Sought after by European aristocrats and a favorite of Napoleon Bonaparte, the sweet wines of Constantia in the Cape Colony were considered to be among the world's best during the eighteenth and nineteenth centuries. During the first democratic elections in 1994, South Africa began to re-emerge onto the international wine scene. Tim James, an expert on South African wines, takes the reader on an information-packed tour of the region, showing us how and why the unique combination of terroir and climate, together with dramatic improvements in winemaking techniques, result in wines that are once again winning accolades. James describes important grape varieties and wine styles - from delicate sparkling, to rich fortified, and everything in between - including the varietal blends that produce some of the finest Cape wines. Anchoring his narrative in a rich historical context, James discusses all the major wine regions, from Cederberg to Walker Bay, complete with profiles of more than 150 of the country's finest producers.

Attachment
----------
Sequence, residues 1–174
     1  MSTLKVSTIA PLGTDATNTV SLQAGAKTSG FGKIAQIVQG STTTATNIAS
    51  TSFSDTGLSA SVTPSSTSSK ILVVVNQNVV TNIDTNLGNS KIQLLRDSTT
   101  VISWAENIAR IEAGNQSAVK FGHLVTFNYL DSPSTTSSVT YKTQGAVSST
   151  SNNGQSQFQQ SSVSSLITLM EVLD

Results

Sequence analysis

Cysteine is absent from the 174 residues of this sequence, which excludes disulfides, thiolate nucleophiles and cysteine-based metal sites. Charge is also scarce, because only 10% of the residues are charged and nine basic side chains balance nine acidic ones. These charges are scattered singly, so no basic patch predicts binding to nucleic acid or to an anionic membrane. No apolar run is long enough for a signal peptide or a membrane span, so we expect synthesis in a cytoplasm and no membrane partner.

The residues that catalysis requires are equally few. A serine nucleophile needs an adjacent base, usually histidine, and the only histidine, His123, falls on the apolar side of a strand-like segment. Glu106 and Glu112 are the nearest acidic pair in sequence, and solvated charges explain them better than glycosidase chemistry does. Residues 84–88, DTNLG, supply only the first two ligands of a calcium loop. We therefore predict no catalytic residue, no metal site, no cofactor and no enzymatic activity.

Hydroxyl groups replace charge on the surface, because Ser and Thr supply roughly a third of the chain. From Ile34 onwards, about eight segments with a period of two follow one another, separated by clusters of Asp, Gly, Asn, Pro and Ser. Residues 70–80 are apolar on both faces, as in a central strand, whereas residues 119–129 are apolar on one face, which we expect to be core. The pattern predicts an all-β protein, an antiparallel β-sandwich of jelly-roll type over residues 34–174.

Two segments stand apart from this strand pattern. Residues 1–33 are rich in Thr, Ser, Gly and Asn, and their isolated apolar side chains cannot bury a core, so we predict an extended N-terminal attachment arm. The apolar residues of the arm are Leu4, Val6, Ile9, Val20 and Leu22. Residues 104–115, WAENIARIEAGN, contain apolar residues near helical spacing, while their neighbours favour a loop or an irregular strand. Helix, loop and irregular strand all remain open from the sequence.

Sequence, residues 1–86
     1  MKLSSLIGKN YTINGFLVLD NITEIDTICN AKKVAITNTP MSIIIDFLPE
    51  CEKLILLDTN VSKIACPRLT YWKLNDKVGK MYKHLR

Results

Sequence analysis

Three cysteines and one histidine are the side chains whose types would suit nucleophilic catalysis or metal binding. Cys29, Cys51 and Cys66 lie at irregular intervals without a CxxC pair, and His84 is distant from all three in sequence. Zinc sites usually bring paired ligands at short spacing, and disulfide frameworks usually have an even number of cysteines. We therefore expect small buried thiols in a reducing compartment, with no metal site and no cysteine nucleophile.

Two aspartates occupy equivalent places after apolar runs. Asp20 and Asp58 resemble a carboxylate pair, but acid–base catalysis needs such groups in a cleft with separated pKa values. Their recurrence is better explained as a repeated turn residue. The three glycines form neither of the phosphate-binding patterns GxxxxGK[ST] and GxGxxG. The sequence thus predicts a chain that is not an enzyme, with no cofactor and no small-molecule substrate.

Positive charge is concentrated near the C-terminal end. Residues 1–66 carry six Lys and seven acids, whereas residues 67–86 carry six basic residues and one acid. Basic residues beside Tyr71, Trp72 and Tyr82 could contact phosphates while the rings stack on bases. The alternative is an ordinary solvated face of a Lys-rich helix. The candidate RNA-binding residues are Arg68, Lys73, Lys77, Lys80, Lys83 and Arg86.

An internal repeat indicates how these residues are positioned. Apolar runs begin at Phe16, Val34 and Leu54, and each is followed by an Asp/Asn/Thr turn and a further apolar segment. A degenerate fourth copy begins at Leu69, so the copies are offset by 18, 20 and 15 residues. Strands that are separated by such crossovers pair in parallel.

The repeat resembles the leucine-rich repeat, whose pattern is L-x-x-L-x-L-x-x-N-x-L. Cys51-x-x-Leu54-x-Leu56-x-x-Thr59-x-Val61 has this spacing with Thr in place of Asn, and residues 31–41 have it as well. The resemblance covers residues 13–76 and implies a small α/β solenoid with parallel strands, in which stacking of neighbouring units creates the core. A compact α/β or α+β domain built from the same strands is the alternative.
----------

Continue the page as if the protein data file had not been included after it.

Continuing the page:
Preface and Acknowledgments Introduction 1. Wine and the New South Africa 2. A Brief History of South African Wine to 1994 3. Grape Varieties and Wine Styles 4. Wine of Origin: Legislation, Labels, and Terroir 5. Constantia and the Cape Peninsula 6. Stellenbosch 7. Paarl and Wellington 8. Franschhoek 9. Durbanville to Darling 10. The Swartland 11. Breede River Valley 12. Walker Bay and Cape Agulhas 13. Elgin and Overberg 14. Tulbagh and Ceres 15. Olifants River, West Coast, and Cederberg 16. Klein Karoo and Adjacent Wards Appendix Bibliographic Notes Index of Wineries General Index